The Foreign Account Compliance Act (FATCA) was originally instituted in 2010 as an effort to fight tax evasion by US citizens holding investments in “offshore” accounts. FATCA is also trying to force foreign financial institutions to report directly to the IRS regarding any accounts held by US citizens – a move that effectively forces foreign countries to do the US’s dirty work at substantial cost to themselves, and, frequently, at the expense of local privacy laws.
FATCA is officially in effect in 2013, and the US will begin penalizing non-compliant financial institutions by 2014.
Compared to the costs of FATCA compliance being pushed on to “offshore” banks, the anticipated revenue for the US is pitifully small (especially in comparison to the deficit many in Washington must hope it will address). Even within the US, the IRS is woefully unequipped to deal with the massive influx of data from the world’s financial institutions.
For fairly little gain, FATCA also carries a whole host of unintended consequences:
Foreign banks may refuse accounts to people with ties to the US, a process that has already begun in many places. In June, the Swiss bank UBS announced that it would stop offering services to US citizens because of the cost of compliance with FATCA. As a result, many expats living in Switzerland spent the summer scrambling to move their assets into bank accounts still willing to work with them – this includes fully compliant citizens!
The additional effort and cost to non-US banks is considerable. In anticipation of FATCA’s effective date, financial institutions that have not been tracking their customers’ status with regards to the US will have to perform a complete review of their client base. Once this is complete, they will have to absorbed the increased administrative costs of tracking their US clients and reporting back to the IRS, essentially becoming tax collectors for the US without compensation.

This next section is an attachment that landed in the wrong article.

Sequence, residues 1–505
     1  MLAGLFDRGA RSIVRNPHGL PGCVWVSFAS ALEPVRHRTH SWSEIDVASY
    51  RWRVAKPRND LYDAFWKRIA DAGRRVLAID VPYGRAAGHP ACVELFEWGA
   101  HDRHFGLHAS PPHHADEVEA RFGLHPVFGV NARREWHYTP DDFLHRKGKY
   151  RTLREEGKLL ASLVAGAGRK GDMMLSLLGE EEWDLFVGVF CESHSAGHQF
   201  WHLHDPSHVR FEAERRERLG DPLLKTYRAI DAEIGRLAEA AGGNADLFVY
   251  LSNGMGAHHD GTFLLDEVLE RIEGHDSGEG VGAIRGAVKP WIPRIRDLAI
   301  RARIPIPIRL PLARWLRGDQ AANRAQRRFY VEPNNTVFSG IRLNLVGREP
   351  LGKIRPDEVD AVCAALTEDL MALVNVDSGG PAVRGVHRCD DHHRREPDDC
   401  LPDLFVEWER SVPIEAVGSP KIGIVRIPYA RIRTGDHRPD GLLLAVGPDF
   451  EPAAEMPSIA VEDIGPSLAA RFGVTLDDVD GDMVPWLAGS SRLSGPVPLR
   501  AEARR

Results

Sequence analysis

Mutual funds will become problematic and FATCA will discourage investment in the US. The presence of even a single US investor could endanger an whole fund. To these issues, the Japanese Bankers Association has said: “In the event that the implementation of FATCA is not practically feasible for the Japanese financial services industry, it would result in substantial confusion to the industry and could ultimately lead the Japanese financial institutions to withdraw their investments from U.S. financial assets.”
The decrease in investments coming into the US could make the job situation there even worse than it already is.
It penalizes expats. Not only are we subject to excessively harsh penalties for incorrect filing or simply not knowing that filing was necessary, but it’s also making it very difficult for expats to get through their day-to-day lives by encouraging their local banks to refuse their business.
Finally, we must consider the effects of FATCA on our countries of residence as many expats become subject to heavy penalties all at once, resulting in a significant transfer of wealth from our resident economies to the US.
The Association of Americans Resident Overseas (AARO) has produced a list of recommendations for the US to mitigate this situation:
- Exclude US citizens who are bona fide residents abroad from FATCA reporting.
- Increase the threshold for an individual’s reporting to $200,000, not $50,000, as FATCA reporting includes life insurance contracts and pension funds as well as bank accounts, or maintain the $50,000 threshold, but exclude reporting requirement on life insurance policies and pension funds.
- Increase the reporting requirement threshold for foreign corporations and partnerships to 50% ownership by a US person, not 10%.
- Institute an independent cost/benefit audit of FATCA’s impact on the IRS, Treasury, and the US economy.
When I first saw the acronym FATCA, I thought of how unfortunate, and yet how accurate, it was that it’s only one letter away from spelling ‘Fatcat.’